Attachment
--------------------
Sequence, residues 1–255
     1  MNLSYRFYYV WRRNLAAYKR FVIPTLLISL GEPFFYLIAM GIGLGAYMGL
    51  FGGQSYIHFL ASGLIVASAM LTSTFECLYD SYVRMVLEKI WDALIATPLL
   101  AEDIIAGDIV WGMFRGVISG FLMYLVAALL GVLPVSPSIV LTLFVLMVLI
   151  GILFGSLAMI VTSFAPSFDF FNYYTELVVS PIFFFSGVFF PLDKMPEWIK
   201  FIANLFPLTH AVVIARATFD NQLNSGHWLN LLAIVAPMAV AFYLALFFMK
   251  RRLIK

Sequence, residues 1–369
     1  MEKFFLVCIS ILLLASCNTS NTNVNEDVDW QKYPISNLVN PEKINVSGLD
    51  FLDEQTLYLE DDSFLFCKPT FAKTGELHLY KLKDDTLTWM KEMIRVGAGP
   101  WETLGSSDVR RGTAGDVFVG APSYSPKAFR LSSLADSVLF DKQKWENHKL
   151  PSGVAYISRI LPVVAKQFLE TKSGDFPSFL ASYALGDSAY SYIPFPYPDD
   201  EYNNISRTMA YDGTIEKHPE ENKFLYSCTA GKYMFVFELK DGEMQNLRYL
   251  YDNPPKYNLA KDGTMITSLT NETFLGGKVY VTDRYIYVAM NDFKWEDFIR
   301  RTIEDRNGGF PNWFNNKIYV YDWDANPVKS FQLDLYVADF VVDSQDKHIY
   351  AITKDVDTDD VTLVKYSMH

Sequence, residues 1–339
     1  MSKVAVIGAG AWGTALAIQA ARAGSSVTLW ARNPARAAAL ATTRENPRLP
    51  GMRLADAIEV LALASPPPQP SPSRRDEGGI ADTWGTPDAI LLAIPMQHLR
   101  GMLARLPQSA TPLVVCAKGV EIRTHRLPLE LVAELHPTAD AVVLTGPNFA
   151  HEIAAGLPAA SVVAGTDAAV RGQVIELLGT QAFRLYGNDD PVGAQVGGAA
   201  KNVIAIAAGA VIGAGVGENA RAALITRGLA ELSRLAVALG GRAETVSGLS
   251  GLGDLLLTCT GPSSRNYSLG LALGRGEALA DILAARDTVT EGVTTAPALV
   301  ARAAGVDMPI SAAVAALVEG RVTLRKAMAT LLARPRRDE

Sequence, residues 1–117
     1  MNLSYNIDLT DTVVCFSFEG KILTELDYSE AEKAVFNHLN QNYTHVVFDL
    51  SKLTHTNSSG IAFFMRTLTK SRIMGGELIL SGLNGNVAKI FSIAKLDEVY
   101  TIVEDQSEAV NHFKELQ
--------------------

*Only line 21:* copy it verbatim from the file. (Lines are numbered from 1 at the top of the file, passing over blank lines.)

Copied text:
   151  HEIAAGLPAA SVVAGTDAAV RGQVIELLGT QAFRLYGNDD PVGAQVGGAA